Whether Virginia Implemented and is Enforcing Addendum 1

Addendum 1 requires Virginia to implement a quota of 152,495 horseshoe crab by May 1, 2000. Instead, Virginia maintained its 710,000 horseshoe crab annual quota until July 28, 2000, when it reduced its quota to 355,000 horseshoe crabs by emergency regulations. Therefore, Virginia has failed to carry out its responsibility under 16 U.S.C. 5104 to implement and enforce Addendum 1 of the ISFMP for horseshoe crabs.

Whether the Measure is Necessary for Conservation

“Conservation” is defined in the Act as “the restoring, rebuilding, and maintaining of any coastal fishery resource and the marine environment, in order to assure the availability of coastal fishery resources on a long-term basis.” The best available scientific information suggests that the horseshoe crab population is at risk of decline. If the population is in decline, the ability to restore, rebuild, and maintain the population to assure the availability of horseshoe crabs on a long-term basis is compromised, especially in light of the fact that horseshoe crabs are extremely vulnerable to overexploitation. They are easily harvested and breed only once a year after reaching maturity at 10 years of age. Furthermore, all states in the Delaware Bay area - New Jersey, Maryland, Pennsylvania, and Delaware - have reduced horseshoe crab landings in line with Addendum 1, yet Virginia has not. As a result, the fishery has merely shifted landings to Virginia, thereby negating any conservation benefits of the other states’ reductions in allowable landings. For these reasons, Virginia’s implementation of the quota specified in Addendum 1 is necessary to support the interstate fishery management system designed to promote conservation of coastal fishery resources in a cooperative manner and to allow the Commission to assure the availability of horseshoe crabs on a long-term basis through further study and management measures, rather than risk depletion.

Declaration of a Moratorium and Issuance of Regulations

An Environmental Assessment and Regulatory Impact Review (EA/RIR) were completed to analyze the impacts caused by various alternatives for the implementation of a moratorium and necessary regulations. After a thorough review of the EA/RIR, NMFS is hereby declaring, pursuant to subsection 806(c) of the Act, a Federal moratorium on fishing for horseshoe crabs in Virginia waters and issuing, pursuant to subsection 806(d) of the Act, regulations that contain measures necessary to implement section 806, both to be effective October 23, 2000, unless Virginia is found in compliance with the Commission’s ISFMP for horseshoe crabs by that time. The moratorium on fishing for horseshoe crabs includes the statutory prohibitions listed in subsection 806(e) of the Act (16 U.S.C. 5106(e)). Subsection 806(e) states: “During the time in which a moratorium under this section is in effect, it is unlawful for any person to - (1) violate the terms of the moratorium or of any implementing regulation issued under subsection 806(d) of this section; (2) engage in fishing for any species of fish to which the moratorium applies within the waters of the State subject to the moratorium; (3) land, attempt to land, or possess fish that are caught, taken, or harvested in violation of the moratorium or of any implementing regulation issued under subsection (d) of this section; (4) fail to return to the water immediately, with a minimum of injury, any fish to which the moratorium applies that are taken incidental to fishing for species other than those to which the moratorium applies, except as provided by regulations issued under Start Printed Page 61118subsection (d) of this section; (5) refuse to permit any officer authorized to enforce the provisions of this chapter to board a fishing vessel subject to such person’s control for purposes of conducting any search or inspection in connection with the enforcement of this chapter; (6) forcibly assault, resist, oppose, impede, intimidate, or interfere with any such authorized officer in the conduct of any search or inspection under this chapter; (7) resist a lawful arrest for any act prohibited by this section; (8) ship, transport, offer for sale, sell, purchase, import, or have custody, control or possession of, any fish taken or retained in violation of this chapter; or (9) interfere with, delay, or prevent, by any means, the apprehension or arrest of another person, knowing that such person has committed any act prohibited by this section.”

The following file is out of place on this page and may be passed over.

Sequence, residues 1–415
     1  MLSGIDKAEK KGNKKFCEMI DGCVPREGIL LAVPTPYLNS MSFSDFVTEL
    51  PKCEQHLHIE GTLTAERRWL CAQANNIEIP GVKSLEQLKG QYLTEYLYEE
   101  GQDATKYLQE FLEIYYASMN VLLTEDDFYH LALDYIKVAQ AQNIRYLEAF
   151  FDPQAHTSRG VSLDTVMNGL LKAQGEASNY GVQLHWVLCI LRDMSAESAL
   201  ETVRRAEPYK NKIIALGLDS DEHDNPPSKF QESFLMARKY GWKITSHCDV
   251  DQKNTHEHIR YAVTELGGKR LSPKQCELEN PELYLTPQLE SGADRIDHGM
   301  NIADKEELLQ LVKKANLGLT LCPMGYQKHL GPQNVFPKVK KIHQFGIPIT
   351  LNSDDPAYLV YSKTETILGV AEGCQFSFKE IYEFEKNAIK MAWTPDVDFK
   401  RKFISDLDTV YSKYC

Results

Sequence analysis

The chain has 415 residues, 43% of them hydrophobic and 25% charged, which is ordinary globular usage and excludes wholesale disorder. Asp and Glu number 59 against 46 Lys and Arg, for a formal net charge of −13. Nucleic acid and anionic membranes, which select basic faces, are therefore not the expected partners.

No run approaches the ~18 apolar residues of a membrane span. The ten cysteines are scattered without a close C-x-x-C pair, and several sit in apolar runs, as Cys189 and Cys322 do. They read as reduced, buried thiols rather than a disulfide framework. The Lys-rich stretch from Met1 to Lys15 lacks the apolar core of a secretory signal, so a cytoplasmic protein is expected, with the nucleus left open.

The measures in this rule, which are necessary to implement section 806, are: (1) a prohibition on the possession of horseshoe crabs in Virginia waters regardless of where they are caught, and (2) a prohibition on landing horseshoe crabs in Virginia regardless of where they are caught. These measures are necessary to implement section 806, because they enable the effective enforcement of the statutory prohibitions on fishing for horseshoe crabs within Virginia waters and on landing and possessing horseshoe crabs caught in violation of the moratorium. Because enforcement agents enforcing the moratorium in Virginia waters would be unable to determine whether a horseshoe crab was caught in Virginia waters or in the EEZ and brought into Virginia waters, it is necessary to prohibit the possession of any horseshoe crabs in Virginia waters and the landing of horseshoe crabs in Virginia, regardless of where they were caught.

If the Commonwealth of Virginia implements and enforces measures bringing them into compliance, the Secretary will publish an appropriate announcement in the Federal Register rescinding the moratorium and this rule with respect to the Commonwealth of Virginia.